SXSW 2021 Review: BROADCAST SIGNAL INTRUSION, A Compelling Conspiracy Thriller Can't Quite Stick the Landing
There's something about the unexplained and seemingly unexplainable that can turn the most rational person into a conspiracy theorist when they start to look too closely at details that were never meant to be put under a microscope. In Jacob Gentry's Broadcast Signal Intrusion, video archivist James (Harry Shum, Jr.) in the late '90s loses himself in a mystery that turns out to be more sinister than he ever could've imagined when he stumbles across an odd snippet of disturbing video while working. Tumbling down a conspiratorial rabbit hole, James bounces from one clue to the next, all the while bringing this increasingly macabre puzzle closer and closer to a personal tragedy that leaves him unable to walk away.
Inspired by the pirate broadcast signal intrusions of the '80s and '90s, Gentry's film imagines a deep well of evil and violence behind what was largely a showcase for misanthropic hackers with too much time on their hands. By positing a scenario in which this particular brand of civil disobedience – breaking into TV broadcasts with eerie, cryptic messages – leads to an actual malevolent mastermind, Gentry taps into a rich history of similar conspiratorial cinema, but still seems to fizzle out in the end.
Shum's James is a man mourning the loss of his wife, who'd disappeared a few years before the events of the film unfold. Coping by burying himself in a job that practically necessitates isolation, James leaves himself largely closed off to the outside world, but open to focus a tremendous amount of time and energy to this mystery that has him rapt. Curiosity quickly turns to mania, which rapidly turns into a full blown obsession, especially when he begins to connect these pirate broadcasts to a series of missing women, laying bare his own open wounds regarding his missing and presumed dead wife.
Broadcast Signal Intrusion indulges in a very particular brand of late '90s introvert nostalgia. Most of James's research comes from primitive capital-I Internet bulletin boards, (BBS), a kind of safe space for social outcasts who found comfort in anonymously connecting with other outcasts of similar ilk. This leads him from one early internet sleuth to another, each of grungier than the last, in search of answers. One such comrade is a manic-pixie-hackergirl named Alice (Kelly Mack), who leads him even further down the rabbit hole – get it, Alice... – before abandoning him.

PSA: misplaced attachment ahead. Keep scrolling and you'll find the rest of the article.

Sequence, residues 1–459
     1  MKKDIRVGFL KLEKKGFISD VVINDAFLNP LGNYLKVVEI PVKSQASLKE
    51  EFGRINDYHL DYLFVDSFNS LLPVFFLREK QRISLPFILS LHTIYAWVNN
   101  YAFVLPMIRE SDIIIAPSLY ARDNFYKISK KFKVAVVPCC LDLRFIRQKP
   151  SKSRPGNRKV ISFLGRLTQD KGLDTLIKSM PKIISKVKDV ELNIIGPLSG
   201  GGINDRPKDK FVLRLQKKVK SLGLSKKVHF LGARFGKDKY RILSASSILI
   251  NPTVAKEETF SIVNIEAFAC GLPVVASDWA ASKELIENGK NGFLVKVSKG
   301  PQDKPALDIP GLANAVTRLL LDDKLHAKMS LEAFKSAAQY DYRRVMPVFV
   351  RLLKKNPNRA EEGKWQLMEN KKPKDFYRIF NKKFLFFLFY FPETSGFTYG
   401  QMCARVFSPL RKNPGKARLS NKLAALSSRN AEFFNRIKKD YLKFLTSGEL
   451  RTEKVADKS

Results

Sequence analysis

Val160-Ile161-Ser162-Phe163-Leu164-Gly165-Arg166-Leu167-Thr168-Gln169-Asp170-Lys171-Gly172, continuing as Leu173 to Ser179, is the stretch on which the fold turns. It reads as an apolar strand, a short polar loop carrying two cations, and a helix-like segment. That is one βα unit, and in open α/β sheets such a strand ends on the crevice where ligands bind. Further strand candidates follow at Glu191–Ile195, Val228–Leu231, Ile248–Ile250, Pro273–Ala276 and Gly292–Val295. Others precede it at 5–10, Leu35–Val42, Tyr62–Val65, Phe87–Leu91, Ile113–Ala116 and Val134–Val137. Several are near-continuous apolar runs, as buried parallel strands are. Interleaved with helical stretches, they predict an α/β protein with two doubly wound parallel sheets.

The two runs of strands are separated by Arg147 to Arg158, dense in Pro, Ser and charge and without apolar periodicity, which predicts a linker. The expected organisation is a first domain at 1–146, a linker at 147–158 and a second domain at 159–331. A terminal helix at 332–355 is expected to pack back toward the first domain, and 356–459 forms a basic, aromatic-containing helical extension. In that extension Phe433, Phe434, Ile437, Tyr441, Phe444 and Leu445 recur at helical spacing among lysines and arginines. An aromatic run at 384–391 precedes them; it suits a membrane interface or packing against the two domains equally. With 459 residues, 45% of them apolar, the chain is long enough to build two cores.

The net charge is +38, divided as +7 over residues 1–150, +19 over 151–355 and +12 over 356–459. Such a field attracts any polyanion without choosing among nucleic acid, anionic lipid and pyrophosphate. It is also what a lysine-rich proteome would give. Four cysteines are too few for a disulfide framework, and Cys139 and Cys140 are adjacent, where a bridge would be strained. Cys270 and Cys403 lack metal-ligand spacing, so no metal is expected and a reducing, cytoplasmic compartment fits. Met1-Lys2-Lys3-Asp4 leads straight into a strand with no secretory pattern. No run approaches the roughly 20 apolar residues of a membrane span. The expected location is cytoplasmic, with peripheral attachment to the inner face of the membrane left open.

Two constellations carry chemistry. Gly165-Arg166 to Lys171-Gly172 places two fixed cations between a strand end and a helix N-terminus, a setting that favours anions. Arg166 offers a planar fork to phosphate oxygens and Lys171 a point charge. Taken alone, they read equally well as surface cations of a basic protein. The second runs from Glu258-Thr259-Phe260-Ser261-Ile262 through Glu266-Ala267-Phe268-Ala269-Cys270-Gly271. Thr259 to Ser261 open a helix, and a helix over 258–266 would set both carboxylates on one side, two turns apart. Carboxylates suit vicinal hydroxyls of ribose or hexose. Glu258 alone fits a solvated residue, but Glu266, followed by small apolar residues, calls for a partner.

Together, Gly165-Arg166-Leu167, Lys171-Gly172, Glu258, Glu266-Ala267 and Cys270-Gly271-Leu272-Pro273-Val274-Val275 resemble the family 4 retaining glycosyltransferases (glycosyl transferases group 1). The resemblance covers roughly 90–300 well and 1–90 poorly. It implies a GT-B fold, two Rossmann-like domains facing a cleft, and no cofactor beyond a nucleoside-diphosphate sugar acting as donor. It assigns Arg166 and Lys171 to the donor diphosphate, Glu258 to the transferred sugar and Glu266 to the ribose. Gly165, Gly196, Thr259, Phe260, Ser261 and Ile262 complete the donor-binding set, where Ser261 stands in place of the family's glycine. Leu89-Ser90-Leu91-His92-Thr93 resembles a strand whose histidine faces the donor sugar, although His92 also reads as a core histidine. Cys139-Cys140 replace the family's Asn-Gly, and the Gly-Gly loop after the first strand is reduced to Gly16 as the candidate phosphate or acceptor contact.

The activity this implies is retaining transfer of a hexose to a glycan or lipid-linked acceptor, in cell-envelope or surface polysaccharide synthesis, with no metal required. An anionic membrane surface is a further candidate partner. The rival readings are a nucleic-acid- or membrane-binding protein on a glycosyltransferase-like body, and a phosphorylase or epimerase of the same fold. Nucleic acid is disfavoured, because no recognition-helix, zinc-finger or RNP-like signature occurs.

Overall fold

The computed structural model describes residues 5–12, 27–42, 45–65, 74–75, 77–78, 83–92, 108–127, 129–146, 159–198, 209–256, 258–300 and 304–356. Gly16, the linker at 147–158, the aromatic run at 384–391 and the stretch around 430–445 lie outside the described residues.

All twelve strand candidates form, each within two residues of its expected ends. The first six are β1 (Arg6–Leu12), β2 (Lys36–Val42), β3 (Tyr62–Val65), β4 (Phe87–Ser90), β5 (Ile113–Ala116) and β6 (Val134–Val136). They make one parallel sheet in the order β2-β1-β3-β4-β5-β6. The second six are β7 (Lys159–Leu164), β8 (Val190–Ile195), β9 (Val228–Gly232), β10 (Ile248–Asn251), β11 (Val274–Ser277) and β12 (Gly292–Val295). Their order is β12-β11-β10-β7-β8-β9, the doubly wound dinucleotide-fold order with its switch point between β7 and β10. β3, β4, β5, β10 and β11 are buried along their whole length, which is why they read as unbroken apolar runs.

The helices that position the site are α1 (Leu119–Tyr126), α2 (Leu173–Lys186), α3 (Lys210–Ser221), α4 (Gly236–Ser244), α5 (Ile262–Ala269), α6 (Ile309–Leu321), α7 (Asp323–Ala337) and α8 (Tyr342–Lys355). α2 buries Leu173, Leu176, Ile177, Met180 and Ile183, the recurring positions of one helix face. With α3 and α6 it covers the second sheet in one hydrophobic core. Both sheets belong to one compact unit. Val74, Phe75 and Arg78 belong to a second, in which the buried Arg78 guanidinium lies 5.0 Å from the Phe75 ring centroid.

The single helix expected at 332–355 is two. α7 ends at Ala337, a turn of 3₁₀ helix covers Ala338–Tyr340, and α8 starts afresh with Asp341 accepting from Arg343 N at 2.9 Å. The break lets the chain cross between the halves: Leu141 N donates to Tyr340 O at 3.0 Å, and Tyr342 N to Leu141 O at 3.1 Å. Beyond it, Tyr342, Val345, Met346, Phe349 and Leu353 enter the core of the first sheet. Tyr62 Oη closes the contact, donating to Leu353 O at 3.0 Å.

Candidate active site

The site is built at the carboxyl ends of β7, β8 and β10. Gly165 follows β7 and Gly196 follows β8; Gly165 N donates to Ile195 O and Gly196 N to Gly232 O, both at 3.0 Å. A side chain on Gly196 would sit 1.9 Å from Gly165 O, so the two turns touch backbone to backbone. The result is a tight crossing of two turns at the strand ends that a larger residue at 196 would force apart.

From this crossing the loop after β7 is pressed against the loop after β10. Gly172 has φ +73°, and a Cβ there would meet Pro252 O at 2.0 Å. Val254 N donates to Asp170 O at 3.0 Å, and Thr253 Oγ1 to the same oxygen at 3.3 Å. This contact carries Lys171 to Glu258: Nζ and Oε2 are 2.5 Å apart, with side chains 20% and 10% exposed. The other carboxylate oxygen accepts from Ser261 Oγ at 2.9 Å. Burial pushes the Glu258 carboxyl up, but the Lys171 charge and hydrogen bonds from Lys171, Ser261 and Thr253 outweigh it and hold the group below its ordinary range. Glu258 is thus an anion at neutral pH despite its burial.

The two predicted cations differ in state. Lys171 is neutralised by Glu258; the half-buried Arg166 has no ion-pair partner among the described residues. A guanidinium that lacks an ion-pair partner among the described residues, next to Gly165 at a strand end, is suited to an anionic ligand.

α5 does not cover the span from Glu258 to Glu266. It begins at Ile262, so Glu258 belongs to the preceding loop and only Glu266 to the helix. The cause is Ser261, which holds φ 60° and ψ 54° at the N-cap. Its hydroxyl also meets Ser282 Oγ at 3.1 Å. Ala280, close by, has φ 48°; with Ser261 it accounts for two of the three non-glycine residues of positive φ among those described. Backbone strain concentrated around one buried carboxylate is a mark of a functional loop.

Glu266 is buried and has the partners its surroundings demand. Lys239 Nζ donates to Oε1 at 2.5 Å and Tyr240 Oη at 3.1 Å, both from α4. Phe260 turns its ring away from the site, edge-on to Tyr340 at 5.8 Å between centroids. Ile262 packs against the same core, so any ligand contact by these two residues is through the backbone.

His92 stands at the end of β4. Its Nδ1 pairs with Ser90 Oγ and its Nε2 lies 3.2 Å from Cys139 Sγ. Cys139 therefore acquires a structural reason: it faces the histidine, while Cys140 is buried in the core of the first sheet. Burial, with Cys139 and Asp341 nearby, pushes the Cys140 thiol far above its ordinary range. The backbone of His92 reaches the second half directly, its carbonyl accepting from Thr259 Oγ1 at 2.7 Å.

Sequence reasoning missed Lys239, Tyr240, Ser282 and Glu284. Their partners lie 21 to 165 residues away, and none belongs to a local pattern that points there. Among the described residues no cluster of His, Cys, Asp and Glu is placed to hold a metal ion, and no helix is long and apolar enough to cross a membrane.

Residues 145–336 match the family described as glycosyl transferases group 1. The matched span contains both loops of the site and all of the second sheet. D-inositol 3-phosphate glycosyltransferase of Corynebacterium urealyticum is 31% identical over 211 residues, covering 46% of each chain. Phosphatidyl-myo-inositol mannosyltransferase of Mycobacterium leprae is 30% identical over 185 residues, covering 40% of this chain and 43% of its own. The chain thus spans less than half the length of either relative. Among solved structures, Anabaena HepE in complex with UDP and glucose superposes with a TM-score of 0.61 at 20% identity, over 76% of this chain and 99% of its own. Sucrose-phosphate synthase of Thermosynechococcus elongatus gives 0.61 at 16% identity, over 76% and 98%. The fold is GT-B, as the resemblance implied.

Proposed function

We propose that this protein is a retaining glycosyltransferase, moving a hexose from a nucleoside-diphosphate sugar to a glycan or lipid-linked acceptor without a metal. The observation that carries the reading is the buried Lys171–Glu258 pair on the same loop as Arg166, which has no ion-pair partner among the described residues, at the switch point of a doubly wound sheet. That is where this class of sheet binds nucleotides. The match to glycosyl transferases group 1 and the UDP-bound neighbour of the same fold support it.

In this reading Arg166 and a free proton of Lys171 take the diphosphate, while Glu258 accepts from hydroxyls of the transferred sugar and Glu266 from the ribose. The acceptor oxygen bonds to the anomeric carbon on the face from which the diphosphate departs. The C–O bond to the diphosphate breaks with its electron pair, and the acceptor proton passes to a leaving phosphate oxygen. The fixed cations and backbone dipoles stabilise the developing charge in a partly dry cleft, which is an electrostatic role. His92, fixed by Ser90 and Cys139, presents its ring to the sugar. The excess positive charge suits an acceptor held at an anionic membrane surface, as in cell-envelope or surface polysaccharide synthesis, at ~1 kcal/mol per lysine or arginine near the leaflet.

Overtly reminiscent of films like Brian de Palma's Blow Out, Antonioni's Blow Up, and especially Paul Schrader's Hardcore and Joel Schumacher's 8MM, Broadcast Signal Intrusion highlights director Gentry's obvious obsession with technology as a corrupting tool. Most famously, perhaps, embodied by his 2007 film, The Signal, in which a mysterious broadcast signal turns ordinary people into murderous beasts. In this case, technology isn't the direct evil, just the vessel that transmits the hidden villain's intentions to unsuspecting collateral victims without them realizing what's even happened.
From one seedy hacker den to another, Broadcast Signal Intrusion follows a well-trodden path for conspiratorial thrillers. Dim lighting, unkempt, unsociable borderline troglodytes, and walls plastered with photographs connected by thumb tacked-string populate the vast majority of the film, while an increasingly frenzied James alienates the few friends he's made along the way in the hunt for his truth.
However, it's not the sameness of the film that is it's ultimate undoing, it's the banality of the conclusion that lets it down. With all of the complex and convoluted plotting and ever-more sinister hinting toward a kind of criminal mastermind behind the intrusions, the ending falls a bit flat with a bit of a pedestrian anti-climax that betrays a ton of pretty cool buildup in an effort to wrap up quickly what could've been a really interesting story. Rather than a face-off worthy of the search, the finale is more of a shoulder shrug that is just O.K., which kind of bummed me out.
Broadcast Signal Intrusion has a lot going for it. An obviously committed performance from its lead, a solid layer of grit and crime across both its story and production design, and a largely compelling plot serve the film well right up until the final reel. It's just a shame that Gentry couldn't quite stick the landing, otherwise the film is definitely solid.
Broadcast Signal Intrusion
- Jacob Gentry
- Phil Drinkwater
- Tim Woodall
- Anthony E. Cabral
- Richard Cotovsky
- Jeff Dlugolecki